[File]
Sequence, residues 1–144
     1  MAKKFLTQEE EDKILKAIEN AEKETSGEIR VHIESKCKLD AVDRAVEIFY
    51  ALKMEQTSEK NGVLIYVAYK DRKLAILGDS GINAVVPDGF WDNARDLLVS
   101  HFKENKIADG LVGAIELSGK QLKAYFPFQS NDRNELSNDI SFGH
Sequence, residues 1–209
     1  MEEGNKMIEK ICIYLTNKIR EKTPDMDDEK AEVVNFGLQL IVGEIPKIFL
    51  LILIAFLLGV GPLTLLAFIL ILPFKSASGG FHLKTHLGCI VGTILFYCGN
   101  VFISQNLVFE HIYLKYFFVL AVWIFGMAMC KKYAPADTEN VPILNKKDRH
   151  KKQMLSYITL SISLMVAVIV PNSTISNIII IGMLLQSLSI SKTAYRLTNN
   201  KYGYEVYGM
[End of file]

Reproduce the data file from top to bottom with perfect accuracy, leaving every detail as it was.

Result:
Sequence, residues 1–144
     1  MAKKFLTQEE EDKILKAIEN AEKETSGEIR VHIESKCKLD AVDRAVEIFY
    51  ALKMEQTSEK NGVLIYVAYK DRKLAILGDS GINAVVPDGF WDNARDLLVS
   101  HFKENKIADG LVGAIELSGK QLKAYFPFQS NDRNELSNDI SFGH
Sequence, residues 1–209
     1  MEEGNKMIEK ICIYLTNKIR EKTPDMDDEK AEVVNFGLQL IVGEIPKIFL
    51  LILIAFLLGV GPLTLLAFIL ILPFKSASGG FHLKTHLGCI VGTILFYCGN
   101  VFISQNLVFE HIYLKYFFVL AVWIFGMAMC KKYAPADTEN VPILNKKDRH
   151  KKQMLSYITL SISLMVAVIV PNSTISNIII IGMLLQSLSI SKTAYRLTNN
   201  KYGYEVYGM